I want you to take a look at this following passage from an article posted by ESPN almost a year and a half ago. This was kind of a big deal:
Unable to work out an extension with James Harden, the Oklahoma City Thunder traded the Sixth Man of the Year to the Houston Rockets on Saturday night, breaking up the young core of the Western Conference champions.
The Thunder acquired guards Kevin Martin and Jeremy Lamb, two first-round picks and a second-round pick in the surprising deal that was completed Saturday night. Oklahoma City also sent center Cole Aldrich and forwards Daequan Cook and Lazar Hayward to Houston.
If you were wondering who the mastermind behind this deal was, it’s Daryl Morey, the current general manager of the Houston Rockets. His assistant general manager at the time was Sam Hinkie. I want you to notice one thing other than the fact that Kevin Martin and Jeremy Lamb were dealt. What else did they trade to the Oklahoma City Thunder?
The Thunder also acquired two first round draft picks and a good old second rounder. That’s three picks, also known as valuable assets. What has Hinkie stressed ever since his opening press conference with the Philadelphia 76ers?
Here is excerpt from an article written by Paul Flannery in the “Sunday Shootaround,” regarding the Sixers:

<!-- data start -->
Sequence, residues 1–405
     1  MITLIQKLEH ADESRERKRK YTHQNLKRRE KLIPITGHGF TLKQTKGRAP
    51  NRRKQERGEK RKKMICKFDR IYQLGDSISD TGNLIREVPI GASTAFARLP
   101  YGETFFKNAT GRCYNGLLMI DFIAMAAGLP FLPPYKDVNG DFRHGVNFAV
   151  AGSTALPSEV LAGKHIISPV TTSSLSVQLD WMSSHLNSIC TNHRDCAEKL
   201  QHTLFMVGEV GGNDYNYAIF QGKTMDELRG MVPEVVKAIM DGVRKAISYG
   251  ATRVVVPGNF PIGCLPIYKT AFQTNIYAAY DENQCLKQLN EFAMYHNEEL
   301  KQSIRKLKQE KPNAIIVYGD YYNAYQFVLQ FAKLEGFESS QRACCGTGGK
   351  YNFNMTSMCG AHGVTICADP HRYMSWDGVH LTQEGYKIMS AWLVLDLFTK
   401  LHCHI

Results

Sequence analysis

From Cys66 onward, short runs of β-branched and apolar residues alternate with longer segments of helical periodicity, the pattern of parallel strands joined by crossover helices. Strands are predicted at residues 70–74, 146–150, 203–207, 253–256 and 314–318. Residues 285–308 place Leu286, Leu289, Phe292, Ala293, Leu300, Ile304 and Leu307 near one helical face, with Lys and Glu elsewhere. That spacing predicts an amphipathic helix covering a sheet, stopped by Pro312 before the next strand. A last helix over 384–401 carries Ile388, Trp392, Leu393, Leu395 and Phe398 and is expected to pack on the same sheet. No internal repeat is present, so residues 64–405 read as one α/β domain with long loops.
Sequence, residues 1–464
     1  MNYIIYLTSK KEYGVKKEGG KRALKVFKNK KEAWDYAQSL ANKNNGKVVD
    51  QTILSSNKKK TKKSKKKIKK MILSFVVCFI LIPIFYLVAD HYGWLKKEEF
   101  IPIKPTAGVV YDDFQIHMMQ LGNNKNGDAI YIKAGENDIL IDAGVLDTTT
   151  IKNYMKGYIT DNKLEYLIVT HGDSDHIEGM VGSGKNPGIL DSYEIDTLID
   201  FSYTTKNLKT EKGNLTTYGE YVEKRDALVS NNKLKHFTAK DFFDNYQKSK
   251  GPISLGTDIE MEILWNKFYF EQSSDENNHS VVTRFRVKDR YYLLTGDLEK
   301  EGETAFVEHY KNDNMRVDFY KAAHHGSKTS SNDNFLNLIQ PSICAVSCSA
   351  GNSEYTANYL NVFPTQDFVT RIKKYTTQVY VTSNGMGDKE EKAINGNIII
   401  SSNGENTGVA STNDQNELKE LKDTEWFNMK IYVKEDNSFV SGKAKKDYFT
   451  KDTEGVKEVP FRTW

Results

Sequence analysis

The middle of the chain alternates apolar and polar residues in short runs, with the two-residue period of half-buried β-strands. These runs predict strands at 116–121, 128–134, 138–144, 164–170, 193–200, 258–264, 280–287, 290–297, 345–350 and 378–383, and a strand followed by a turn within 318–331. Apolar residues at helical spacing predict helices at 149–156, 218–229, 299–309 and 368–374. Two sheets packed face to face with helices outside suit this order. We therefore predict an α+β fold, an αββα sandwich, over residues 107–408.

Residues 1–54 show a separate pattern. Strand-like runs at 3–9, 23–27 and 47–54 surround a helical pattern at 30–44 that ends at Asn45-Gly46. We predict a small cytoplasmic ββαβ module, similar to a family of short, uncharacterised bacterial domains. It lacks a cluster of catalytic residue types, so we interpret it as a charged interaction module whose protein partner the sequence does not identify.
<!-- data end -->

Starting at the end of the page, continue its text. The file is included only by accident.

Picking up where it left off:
The name of the front office game is acquiring assets and flexibility. Don’t get locked into a quick fix that requires years to unwind. Keep your options open and be ready to strike when the opportunity presents itself.
Currently, the Philadelphia 76ers, ran by the Hinkster, have two first round draft picks in the up-and-coming 2014 NBA draft, as well as almost 20% ownership of every second round of every draft until 2058 (seems like it).
The Sixers are in a very similar situation that the Houston Rockets were once in. After acquiring James Harden, who is having a breakout season, they added Dwight Howard, who spent most of his career with the Orlando Magic and had a song and dance with the Los Angeles Lakers.
The Rockets pulled that trade off with the Thunder because they were simply in the position to do so. They didn’t get lucky. They didn’t do anything out of the ordinary. They made the moves, leading up to the blockbuster deal, that allowed them to turn the corner from putridity to contention.
I’m not saying that the 76ers will end up exactly like the Houston Rockets, but I am telling you to feel comfortable. The Sixers’ captain behind the wheel has a vision and unlike the Titanic, we’ll rise again after sinking.